Search Unclaimed Lost Money and Property

Search Unclaimed Lost Money and Property
Every year millions of dollars are turned over to state Unclaimed Property Departments.

Gift certificates are lost and never redeemed. Bank accounts go dormant because the owner either forgot about the account or died. Insurance payments are lost and never cashed. Safety deposit boxes are forgotten. If the companies holding money or valuables can't locate the owners within a certain time period, eventually the property is turned over to the state. It's required by law.

There are many companies out there that claim they will help you find your property, but they’ll charge you a fee. You don’t need to pay a fee. If your state is holding unclaimed property in your name, then the state is looking for you. They want to find you and they’ll help you for free.

The site MissingMoney.com lets your search for unclaimed property in 32 states. It’s fast, free and you can search multiple states at one time. If your in one of the 18 states that are not included, then you can go directly to the states unclaimed property web page.

Almost every state has a searchable database online and I’ve included links to almost every state’s unclaimed property division below. Search for your name, the names of your relatives, friends and even your neighbors. You might be surprised at who you find.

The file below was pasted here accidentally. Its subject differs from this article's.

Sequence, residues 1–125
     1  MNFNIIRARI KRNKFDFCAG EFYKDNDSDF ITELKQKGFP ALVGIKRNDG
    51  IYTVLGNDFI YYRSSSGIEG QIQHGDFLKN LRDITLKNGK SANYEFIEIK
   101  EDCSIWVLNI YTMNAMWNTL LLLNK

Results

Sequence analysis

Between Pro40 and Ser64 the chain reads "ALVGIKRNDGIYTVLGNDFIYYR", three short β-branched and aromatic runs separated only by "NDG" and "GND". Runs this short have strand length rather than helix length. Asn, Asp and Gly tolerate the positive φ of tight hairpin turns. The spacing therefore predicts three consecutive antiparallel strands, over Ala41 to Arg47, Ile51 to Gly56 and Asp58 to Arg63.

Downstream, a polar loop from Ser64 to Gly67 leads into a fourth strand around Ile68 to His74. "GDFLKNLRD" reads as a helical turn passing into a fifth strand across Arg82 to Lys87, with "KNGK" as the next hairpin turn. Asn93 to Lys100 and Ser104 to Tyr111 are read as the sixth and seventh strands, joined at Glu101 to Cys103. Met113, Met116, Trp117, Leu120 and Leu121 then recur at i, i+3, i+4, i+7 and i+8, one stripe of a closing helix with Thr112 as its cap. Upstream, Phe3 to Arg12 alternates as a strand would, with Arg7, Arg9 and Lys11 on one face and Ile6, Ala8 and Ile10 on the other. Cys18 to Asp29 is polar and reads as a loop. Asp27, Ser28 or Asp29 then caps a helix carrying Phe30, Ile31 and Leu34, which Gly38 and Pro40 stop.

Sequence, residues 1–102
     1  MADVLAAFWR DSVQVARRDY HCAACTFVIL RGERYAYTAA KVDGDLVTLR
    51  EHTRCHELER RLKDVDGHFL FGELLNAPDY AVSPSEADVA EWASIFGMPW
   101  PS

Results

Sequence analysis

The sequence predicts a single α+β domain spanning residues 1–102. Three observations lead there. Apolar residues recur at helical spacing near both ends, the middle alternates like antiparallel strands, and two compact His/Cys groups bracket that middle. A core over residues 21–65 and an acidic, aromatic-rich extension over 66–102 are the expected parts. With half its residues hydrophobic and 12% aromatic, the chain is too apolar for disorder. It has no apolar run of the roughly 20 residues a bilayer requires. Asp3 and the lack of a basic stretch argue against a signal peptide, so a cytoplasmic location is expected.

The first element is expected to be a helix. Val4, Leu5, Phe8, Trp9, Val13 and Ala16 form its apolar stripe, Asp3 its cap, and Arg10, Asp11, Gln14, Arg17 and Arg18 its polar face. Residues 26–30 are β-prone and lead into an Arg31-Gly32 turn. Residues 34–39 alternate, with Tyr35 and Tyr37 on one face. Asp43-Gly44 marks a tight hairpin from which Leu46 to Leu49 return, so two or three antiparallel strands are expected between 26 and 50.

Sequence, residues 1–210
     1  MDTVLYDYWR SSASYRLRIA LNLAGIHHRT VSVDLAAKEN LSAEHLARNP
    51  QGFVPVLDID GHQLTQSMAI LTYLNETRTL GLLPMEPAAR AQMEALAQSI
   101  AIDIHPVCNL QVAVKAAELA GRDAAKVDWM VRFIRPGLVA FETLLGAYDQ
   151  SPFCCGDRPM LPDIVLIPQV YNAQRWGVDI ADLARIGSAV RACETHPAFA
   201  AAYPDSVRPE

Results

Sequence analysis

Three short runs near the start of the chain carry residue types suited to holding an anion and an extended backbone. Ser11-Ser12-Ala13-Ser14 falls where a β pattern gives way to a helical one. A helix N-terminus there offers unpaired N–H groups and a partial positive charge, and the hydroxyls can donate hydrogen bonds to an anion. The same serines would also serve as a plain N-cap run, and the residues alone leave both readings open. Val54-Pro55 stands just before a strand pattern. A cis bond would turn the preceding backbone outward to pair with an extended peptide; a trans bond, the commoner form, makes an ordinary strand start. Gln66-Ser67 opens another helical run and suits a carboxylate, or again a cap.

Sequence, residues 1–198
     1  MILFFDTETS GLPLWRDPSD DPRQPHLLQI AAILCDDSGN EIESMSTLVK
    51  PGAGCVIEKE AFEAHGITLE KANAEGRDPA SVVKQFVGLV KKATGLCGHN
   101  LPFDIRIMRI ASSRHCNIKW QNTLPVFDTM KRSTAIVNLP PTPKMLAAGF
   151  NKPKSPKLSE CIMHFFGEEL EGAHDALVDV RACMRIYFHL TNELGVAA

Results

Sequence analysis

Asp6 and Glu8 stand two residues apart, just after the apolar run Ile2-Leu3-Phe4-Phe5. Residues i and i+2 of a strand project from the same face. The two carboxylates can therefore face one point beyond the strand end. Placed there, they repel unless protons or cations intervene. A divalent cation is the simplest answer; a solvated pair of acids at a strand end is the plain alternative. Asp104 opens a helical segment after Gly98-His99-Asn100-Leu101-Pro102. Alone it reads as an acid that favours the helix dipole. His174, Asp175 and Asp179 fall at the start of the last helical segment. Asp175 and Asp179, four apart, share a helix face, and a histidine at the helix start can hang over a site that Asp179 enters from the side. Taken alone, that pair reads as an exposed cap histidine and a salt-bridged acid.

Your search won't yield a lot of detailed information. Most states only release the name of the property owner, their last city of residence and the name of the company that turned the property over to the state. While it’s not a lot of information, it’s usually enough to determine if you should pursue the matter.

The unclaimed property department won’t just hand over the assets. If you think you’ve found property that belongs to you or your relatives, then you’ll have to file a claim and prove ownership. So be prepared to wait while your application is researched and approved.

If you have questions about the process, just call the Unclaimed Property Office for your state. They’ll be happy to help you.

Tab browsing is the easiest way to view and open the links in this article. Simply right click on a link and select "open a new tab.". This will open the web page in a separate tab while keeping this page open. It's a great way to view multiple sites at once.

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